I'm back in the United States and fairly bursting with photos, hugs and kisses for each of my family members, and enough stories to write a book.
Thank you for your prayers for my trip! I appreciated them so much and could feel them as my time in Argentina was clearly blessed. To be back with my host family was amazing. I can't even put into words how amazing that was. I stepped off the bus and we picked up right where we left off. It was as if I had never left, except for a few differences: the kids had grown so much. Renzo, Isabella, and Nico are three of my favorite children on earth. They make my heart smile and teach me things and inspire me. My Spanish had gotten better--woot woot!--and so less of our conversations centered around Google Translate. Oh, goodness, we had so many conversations. That was my favorite part of the entire trip. Whether we were on the bus, walking to the church, or in their warm and inviting kitchen, we were always talking. Quality time and physical touch are my two love languages, and so oh man, am I content in Argentina! Time praying together was also so special and a blessing to my heart.
|Precious Renzo!! Hasn't he grown up so much in the past year??|
Argentina was full of blessings. And, as you can see, most of the blessings stem from my time with this precious second family of mine. I have so much to share, and I promise I will write more soon.
But right now I need to continue to process and get my thoughts into order or else words will come spilling out that make no sense. :) Maybe a little more sleep would help, too...
So I leave you with a few of my favorite pictures, and also with a devotion I read by Joni Eareckson Tada today that touched my heart. It instantly made me think of Argentina. Exchanging prayer requests with my dear host family, I realized that we were indeed giving the other person our heart's burdens. And there is something so beautifully God ordained in that act.
Te amo, readers! Thank you for your precious comments and encouragement!
"Carry each other's burdens, and in this way you will fulfill the law of Christ."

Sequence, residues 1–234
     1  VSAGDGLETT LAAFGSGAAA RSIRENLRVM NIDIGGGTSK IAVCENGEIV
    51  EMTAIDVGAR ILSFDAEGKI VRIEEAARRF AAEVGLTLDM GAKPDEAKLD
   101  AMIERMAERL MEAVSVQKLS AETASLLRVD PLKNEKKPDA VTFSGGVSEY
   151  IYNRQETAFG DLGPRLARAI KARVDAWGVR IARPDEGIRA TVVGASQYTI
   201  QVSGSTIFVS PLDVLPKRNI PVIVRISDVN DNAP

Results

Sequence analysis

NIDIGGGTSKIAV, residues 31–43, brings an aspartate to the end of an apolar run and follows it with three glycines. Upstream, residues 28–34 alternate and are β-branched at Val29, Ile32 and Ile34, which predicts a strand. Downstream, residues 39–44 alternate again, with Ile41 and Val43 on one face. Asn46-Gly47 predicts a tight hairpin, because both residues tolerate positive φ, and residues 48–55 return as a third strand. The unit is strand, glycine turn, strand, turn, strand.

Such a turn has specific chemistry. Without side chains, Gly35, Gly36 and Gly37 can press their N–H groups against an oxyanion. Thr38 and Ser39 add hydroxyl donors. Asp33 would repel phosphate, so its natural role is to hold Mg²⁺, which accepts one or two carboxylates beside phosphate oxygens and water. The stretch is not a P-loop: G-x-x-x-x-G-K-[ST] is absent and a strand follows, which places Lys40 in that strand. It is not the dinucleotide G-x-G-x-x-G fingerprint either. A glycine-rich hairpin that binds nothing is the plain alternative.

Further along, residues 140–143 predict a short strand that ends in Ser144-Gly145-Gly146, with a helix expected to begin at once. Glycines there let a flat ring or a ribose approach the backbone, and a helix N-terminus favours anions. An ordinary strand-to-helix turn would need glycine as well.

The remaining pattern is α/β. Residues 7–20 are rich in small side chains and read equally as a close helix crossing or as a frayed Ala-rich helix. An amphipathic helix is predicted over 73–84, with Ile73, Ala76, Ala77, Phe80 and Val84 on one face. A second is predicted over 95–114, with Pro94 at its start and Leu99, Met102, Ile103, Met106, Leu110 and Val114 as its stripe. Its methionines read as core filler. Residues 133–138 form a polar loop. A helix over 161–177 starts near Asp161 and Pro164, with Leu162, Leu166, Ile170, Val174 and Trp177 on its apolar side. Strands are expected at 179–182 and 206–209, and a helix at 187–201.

I don't often have the chance to physically help other people, but when I do,
I love it. Nowhere do I feel more useful than at the airport.
I have to pack what seems like half a hospital when I go anywhere. Even after my friends and I check in all this stuff at curbside, we still have a pile of carry-on luggage which includes lots of the usual paraphernalia plus a duffel bag with emergency medical equipment. The challenge is to carry everything from curbside to the plane. This is when I get to "carry another's burden." On the foot pedals under my legs goes the duffel bag. The briefcase goes on my lap, purses are slung over the handles of my wheelchair, coats or sweaters land on my lap. Airline tickets are squeezed between my leg and the side of my chair. I look like a bag lady. But I don't mind. It gives me a chance to carry someone else's burden.
That's what Galatians 6:2 tells us to do. It's good advice whether we bear actual physical burdens or emotional and spiritual ones. Galatians 6 says we should do this on a regular basis and not be so puffed up with pride that we fail to offer a helping hand.
And we are to do so to fulfill the law of Christ, which is a law of love. Love obliges us to be compassionate. Maybe under the old covenant God's people made a habit of laying burdens on one another, but under the new covenant, we don't lay them on, we take them off. So why don't you find somebody today who could use a hand. It will give you an opportunity to lighten the load of another and lighten your heart at the same time.
"God did not write solo parts for very many of us. He expects us to be participants in the great symphony of life." Donald Tippett